As someone who has loved Lady Gaga since 2008, I will admit that this woman has failed to deliver multiple times. I’ve lived through the messy Artpop era, survived seven years waiting for the long-promised Telephone sequel, and been a personal victim of her concert tardiness. Oftentimes, these mistakes lead to frustrations with her fans. Recently, for example, she canceled her highly anticipated show in Rock in Rio followed by the cancellation/postponing of her European shows for Joanne World Tour. Many Little Monsters can’t help being frustrated; her fans have flown from different countries and camped outside her venues just to see their Mother Monster live. To learn someone you love and idolize will be a no-show is heartbreaking – especially considering the money spent. The cancellations are odd, considering how successful her tour is (she’s played stadiums for the first time in her career and sold out all shows so far) and how spectacular 2017 has been for her. Many of us can’t help but ask… why, Gaga?
Gaga: Five Foot Two gives us a glimpse of the wizard behind the curtain.
Director Chris Moukarbel follows Gaga for about a year, capturing key moments of the Joanne era – like the album’s conception and recording, playing the 'Scáthach' on American Horror Story: Roanoke, and the planning and execution of her critically acclaimed Super Bowl LI Halftime Show. We are introduced to her ever-loving family and learn about the significance of the name Joanne; years before she was born, her aunt Joanne died of lupus, which caused immense sorrow that was carried by her family, until it was passed down to her through the name. We meet Gaga’s entourage, like the mastermind behind the album, Mark Ronson, and the late Sonja Durham, to whom the film and the song Grigio Girls is dedicated. The audience is immediately brought into Gaga’s everyday life as a performer, artist, fiancee, actress, and woman.
One scene particularly strikes me. Gaga, wearing a simple white shirt with semi-heavy makeup, walks outside her New York City apartment to her car. As soon as she steps out, she is swarmed by a mob of paparazzi and fans, all demanding pictures be taken or albums be signed. Her own security personnel is no match for the horde; as she walks toward her car amidst the screams and flashing lights, clips of Gaga in the exact same scenario throughout the years begin to play in between the “real-time” clips. The montage shows the birth of the famous “YAAAAAAAAS!” and how many times Gaga is called “mommy” in the streets. Throughout the chaos, Gaga remains conscious and composed, interacting with her fans despite the push and pull between them and her security detail. When she steps in the car, the scene cuts to utter silence.
I get it now.
As a fan, I’ve only been exposed to what she’s allowed me to see. Moukarbel delivers Gaga’s perspective to her fans in a way that is almost suffocatingly necessary. Throughout the movie, she talks about her most controversial moments (such as her feud with Madonna and breakup with fiance Taylor Kinney) and shares a big piece of her life: Gaga suffers from chronic pain caused by fibromyalgia. There are many scenes of her in routine therapy, getting massages, and even injections for the pain at work. At one point, Gaga receives consultation from a doctor about her chronic pain before her makeup artist warns her that a scheduled event is approaching. Gaga reluctantly agrees to get her makeup done as she goes through the procedure with her doctor.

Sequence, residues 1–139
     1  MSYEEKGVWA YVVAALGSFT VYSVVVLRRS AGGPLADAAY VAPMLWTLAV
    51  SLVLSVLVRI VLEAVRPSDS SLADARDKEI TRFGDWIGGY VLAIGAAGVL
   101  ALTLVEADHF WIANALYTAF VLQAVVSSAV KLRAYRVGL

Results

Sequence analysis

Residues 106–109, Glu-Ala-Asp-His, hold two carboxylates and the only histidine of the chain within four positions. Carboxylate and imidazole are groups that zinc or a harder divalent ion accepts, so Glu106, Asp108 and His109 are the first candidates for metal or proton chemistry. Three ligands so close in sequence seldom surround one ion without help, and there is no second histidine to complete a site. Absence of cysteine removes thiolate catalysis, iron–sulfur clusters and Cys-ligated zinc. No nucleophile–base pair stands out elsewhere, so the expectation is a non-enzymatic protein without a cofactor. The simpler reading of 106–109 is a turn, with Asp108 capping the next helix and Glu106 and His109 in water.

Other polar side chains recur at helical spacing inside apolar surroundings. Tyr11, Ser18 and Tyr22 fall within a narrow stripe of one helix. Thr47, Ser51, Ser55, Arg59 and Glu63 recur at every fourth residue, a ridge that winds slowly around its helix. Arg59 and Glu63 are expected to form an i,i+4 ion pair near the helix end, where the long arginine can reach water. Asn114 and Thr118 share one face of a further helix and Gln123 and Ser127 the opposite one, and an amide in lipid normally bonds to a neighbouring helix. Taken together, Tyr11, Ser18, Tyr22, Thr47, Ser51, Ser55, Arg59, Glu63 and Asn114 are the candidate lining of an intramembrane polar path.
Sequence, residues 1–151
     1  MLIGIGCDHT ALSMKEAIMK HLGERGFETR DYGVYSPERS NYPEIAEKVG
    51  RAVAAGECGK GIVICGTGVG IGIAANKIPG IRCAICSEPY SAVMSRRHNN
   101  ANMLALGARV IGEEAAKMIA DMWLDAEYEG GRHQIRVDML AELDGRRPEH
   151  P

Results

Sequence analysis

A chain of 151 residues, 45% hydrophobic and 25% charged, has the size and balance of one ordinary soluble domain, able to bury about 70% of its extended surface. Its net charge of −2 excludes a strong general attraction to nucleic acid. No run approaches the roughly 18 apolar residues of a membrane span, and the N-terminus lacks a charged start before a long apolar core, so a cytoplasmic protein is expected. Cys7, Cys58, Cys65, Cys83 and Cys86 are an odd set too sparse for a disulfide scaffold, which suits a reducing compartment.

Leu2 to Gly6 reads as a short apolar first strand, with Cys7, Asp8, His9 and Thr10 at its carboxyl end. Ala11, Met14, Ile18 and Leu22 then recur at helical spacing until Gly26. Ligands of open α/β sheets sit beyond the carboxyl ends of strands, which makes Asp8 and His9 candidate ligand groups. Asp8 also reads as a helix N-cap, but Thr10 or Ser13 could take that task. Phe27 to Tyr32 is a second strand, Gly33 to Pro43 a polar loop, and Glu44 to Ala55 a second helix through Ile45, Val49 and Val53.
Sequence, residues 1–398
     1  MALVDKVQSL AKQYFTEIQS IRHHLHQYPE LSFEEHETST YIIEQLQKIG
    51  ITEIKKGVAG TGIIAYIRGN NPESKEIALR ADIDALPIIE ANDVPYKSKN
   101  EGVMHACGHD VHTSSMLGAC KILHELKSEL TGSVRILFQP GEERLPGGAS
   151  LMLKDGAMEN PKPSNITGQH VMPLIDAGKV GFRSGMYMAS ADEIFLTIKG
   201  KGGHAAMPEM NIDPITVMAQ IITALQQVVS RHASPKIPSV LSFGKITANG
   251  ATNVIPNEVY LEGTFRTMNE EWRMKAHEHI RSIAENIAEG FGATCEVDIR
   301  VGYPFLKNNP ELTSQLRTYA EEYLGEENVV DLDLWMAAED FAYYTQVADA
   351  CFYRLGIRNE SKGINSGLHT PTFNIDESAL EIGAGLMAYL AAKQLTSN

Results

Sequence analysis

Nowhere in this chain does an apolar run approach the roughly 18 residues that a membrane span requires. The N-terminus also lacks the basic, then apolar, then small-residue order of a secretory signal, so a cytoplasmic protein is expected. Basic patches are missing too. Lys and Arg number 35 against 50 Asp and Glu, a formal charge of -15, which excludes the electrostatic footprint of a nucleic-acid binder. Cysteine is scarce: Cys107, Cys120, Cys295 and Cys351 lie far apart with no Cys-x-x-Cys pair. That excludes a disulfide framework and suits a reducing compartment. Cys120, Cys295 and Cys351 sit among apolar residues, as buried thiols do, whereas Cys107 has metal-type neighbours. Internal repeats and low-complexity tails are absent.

As a big fan, I almost feel guilty for the amount of pressure and doubt I’ve helped instill in this woman. A few months ago, I saw her on the Joanne World Tour in San Francisco (her first stadium show), where she was over an hour late. I couldn’t help being frustrated in the fog with the masses; especially when she cut a setlist I was excited for the most (consisting of Bloody Mary, Dancin’ in Circles, and Paparazzi – three of my favorite songs). What if, at that moment, Gaga was getting needles stuck in her to suppress the pain? Millions of admirers around the world may have experienced disappointment with some of Gaga’s shortcomings, but all things considered, this woman definitely works hard to please her followers, despite the pain, the sorrow, and the trauma.
Five Foot Two brings Gaga’s untold story to the table. The most striking aspect of this movie is simple: this is not Lady Gaga we are meeting, but Stefani Joanne Angelina Germanotta. We meet the beloved pop star stripped of her meat dress and disco stick, as a thirty-year-old woman who has endured pain in two fronts: physically, through trauma from breaking her hip and fibromyalgia, and emotionally – by lifting the weight of her aunt’s death from her family’s shoulder to her own. The documentary lends insight to Stefani’s life, perfectly conveying her emotions. Five Foot Two presents Stefani both at her peak and at her lowest point, all to remind us of one thing: she is human, after all.